Wednesday , October 22 2014
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Hurricane Prep Guide

By Noelle H. Lowery
noelle@coastalbreezenews.com

A19-CBN-8-8-14-3Roughly 15 years ago, the Marco Island Civic Association (MICA) released a Hurricane Preparation Guide. In June, board members decided to dust off the old guide and created a revised, refined and updated version. The new free, 16-page guide was available to the public at the end of July.

It was a labor of love for MICA member Jim Curran, taking eight weeks of research, writing and editing. The guide focuses solely on preparing for hurricanes on Marco Island. It includes a storm surge map of Marco, tips on how to prepare for a storm, an evacuation checklist, a listing of local media outlets and information on evacuations, hurricane shelters and securing businesses, boats, docks and swimming pools.

To help with the effort, Curran enlisted Jim von Rinteln, who has an extensive background in emergency operations management. As a helicopter pilot and senior staff officer in the U.S. Army, von Rinteln assisted the Federal Emergency Management Agency (FEMA) during hurricanes Iniki and Andrew in 1992. From there, he moved to Marco Island and went to work for Collier County, first as the emergency operations coordinator and then as emergency recovery coordinator. During his time with Collier County, 17 hurricanes blew through Marco Island, requiring evacuations.

“As times changed and information about hurricanes matured, the guide didn’t,” says von Rinteln. He sites hurricane preparedness myths that were in the original guide, including taping windows, leaving the attic hatch open and slicing lanai screens.

“The state has made great strides over the last 20 years in hurricane readiness, and I offered to help MICA. It progressed to putting together a guide that is Marco Island specific. We talk about boats and evacuations, about emergency responses. We are trying to walk the average citizen through what they need to think about when a hurricane is approaching,” he adds.

“It gives residents a schedule for preparedness, and if you are ready for a hurricane, you are 85 percent ready for everything else. It is good to be prepared year round.”

Von Rinteln and MICA members worked closely with the city of Marco Island, the Marco Island Police Department and the Marco Island Fire-Rescue Department to zero in on Marco-specific information.

According to Dick Adams, MICA’s president, the release of the new hurricane prep guide is part of MICA’s ongoing effort to change its image in the community. “Often, MICA has been viewed in the community as a policeman because of the deed restrictions, but that is not what we are all about. We are not a political body. We don’t endorse candidates. We hold events for the community at large,” explains Adams.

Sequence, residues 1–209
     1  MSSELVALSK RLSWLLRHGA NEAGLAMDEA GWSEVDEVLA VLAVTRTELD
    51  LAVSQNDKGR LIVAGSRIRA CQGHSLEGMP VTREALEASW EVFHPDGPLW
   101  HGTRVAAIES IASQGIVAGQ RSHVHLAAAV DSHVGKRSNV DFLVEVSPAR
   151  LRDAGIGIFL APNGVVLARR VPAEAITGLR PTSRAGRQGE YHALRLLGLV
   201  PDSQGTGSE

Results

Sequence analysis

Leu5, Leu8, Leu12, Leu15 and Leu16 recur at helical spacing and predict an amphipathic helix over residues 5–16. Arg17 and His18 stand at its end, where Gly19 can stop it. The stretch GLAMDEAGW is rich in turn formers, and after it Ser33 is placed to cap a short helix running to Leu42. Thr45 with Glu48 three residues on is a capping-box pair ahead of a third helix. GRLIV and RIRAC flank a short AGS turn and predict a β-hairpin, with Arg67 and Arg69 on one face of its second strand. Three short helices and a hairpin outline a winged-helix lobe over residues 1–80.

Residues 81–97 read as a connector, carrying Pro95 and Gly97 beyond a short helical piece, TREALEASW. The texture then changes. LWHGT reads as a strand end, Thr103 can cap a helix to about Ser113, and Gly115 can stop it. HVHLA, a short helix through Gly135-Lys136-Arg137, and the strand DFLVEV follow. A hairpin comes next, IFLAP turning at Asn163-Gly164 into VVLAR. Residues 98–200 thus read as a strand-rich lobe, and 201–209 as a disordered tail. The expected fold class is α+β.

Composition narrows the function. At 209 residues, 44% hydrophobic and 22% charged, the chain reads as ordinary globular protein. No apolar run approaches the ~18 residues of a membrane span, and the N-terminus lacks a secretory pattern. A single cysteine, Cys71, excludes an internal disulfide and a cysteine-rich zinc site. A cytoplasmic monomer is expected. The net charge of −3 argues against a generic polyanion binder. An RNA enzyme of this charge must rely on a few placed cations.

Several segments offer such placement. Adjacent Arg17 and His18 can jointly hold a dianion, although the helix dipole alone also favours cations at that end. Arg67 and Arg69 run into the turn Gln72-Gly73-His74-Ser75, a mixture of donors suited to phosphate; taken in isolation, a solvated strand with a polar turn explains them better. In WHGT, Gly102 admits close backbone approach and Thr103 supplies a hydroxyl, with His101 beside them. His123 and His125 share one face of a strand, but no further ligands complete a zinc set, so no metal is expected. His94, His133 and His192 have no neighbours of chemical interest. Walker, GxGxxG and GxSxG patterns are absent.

“MICA is one of the oldest and largest civic organizations in Florida, and we have really put our resources into community affairs in the last couple of years,” adds Adams. “It is about community activities versus community activism.”

To that end, MICA manages and maintains Residents’ Beach, sponsors City Council Town Hall Meetings, is the largest contributor to the city’s annual Fourth of July fireworks display, helps with monthly beach clean-ups, honors a local “Humanitarian of the Year” and assembles a discount program for MICA members. It also has donated funds to Veterans’ Memorial Park and the American flag at the base of the Jolley Bridge.

Currently, MICA is piggy-backing on the city of Marco Island’s new Thorguard Lightning Predication and Warning System at Residents’ Beach. The system alerts beachgoers when conditions are right for lightning and covers an area of beach stretching from the Marco Island Marriott Beach Resort north to Tigertail Beach.

MICA’s next step will be to add a hurricane preparedness seminar — possibly next year — to accompany the new hurricane prep guide. The guide now is available at no charge in seven locations around Marco Island, including MICA’s office, MIPD, MIFRD, Marco Island City Hall, Residents’ Beach, the Marco Island branch of the Collier County Library and the Marco Island office of the Collier County Tax Collector.

For more information, visit MICA’s website at www.marcocivic.com.


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